Grieving and the holidays.

A lot of my clients at both jobs are having a difficult time with grieving this holiday season.  I did some searching and found a few tips that might be helpful for you this season if you are going through the same thing.

  • Don’t pretend that nothing has changed – it would be false to pretend that there isn’t a gap in your family. Even children want the loss to be recognised.
  • Consider abandoning the traditional celebrations. If you have lost someone dear to you this year, you don’t owe it to anyone to fake cheerfulness if you’re not ready for it. You may get invitations from well-meaning people to spend time with them because they hate the idea of you being alone. Only accept if it’s what you want.  And if you don’t want the traditional holidays, there’s always the Solstice, Kwanzaa, or the Orthodox Christian calendar to follow.
  • Express how you feel. You may be terrified of opening up your heart because of your grief. But expressing that grief to someone else, or in writing, is the best way to heal it.
  • Make a special memory of your loved one. This could be something you create yourself, such as writing a poem. It could simply be drinking a toast in their memory. Or you could light a candle each day for a few minutes of recognition and remembrance.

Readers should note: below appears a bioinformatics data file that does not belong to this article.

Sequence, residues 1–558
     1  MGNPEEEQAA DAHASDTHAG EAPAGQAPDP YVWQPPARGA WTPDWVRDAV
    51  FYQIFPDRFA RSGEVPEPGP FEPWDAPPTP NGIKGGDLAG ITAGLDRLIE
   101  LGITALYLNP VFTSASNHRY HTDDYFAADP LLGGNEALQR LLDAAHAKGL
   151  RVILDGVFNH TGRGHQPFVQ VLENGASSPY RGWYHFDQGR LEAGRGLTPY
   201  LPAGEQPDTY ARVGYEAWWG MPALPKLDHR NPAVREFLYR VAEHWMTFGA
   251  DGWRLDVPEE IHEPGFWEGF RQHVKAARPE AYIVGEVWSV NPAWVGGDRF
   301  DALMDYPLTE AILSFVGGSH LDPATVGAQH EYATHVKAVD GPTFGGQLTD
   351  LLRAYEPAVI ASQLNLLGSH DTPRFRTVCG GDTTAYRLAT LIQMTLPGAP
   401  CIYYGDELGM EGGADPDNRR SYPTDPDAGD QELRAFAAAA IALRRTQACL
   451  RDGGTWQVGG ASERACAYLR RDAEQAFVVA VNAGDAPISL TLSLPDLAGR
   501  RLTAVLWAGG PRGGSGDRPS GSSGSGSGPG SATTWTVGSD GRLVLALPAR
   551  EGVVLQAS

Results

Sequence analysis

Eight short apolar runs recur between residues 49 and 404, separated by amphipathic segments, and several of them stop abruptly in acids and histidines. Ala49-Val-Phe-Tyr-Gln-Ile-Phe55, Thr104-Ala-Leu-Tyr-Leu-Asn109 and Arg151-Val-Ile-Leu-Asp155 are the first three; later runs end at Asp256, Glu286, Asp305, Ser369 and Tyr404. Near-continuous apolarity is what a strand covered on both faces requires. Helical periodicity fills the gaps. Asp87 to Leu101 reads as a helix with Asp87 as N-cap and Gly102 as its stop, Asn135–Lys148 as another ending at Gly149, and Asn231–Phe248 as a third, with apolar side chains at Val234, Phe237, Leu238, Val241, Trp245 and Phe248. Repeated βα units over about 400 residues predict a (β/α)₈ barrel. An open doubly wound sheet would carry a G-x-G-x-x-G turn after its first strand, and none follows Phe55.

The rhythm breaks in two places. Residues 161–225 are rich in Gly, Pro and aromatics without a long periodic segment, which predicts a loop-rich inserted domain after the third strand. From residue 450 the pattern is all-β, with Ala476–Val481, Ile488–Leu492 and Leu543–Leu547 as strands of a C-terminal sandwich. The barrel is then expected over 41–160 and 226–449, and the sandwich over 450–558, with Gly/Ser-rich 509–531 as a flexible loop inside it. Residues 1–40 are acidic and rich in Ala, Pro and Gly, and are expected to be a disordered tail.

• Appreciate what you do still have. However much you miss this person, there are others who are still here. Write a list of everybody you appreciate having in your life. Taking the time to count your blessings is a step towards the future.
  • Remember that the only rule in grieving is that there are no rules. You can make up your own rules, and the important thing is that they must work for you and nobody else.
  • Make a couple of social appearances during the holidays. Don’t isolate.  I repeat, don’t isolate.

There is no rule which says you have to behave in a certain way at this time of year in order to make others more comfortable. However, if you can let the holiday spirit in just a little, perhaps that will also help you move forward into the year ahead.

About Nate Prentice, MSW, LCSW, CAS-PC

Nate Prentice, MSW, LCSW is a Licensed Clinical Social Worker and Pastoral Counselor who maintains a private psychotherapy practice in Drexel Hill, PA.
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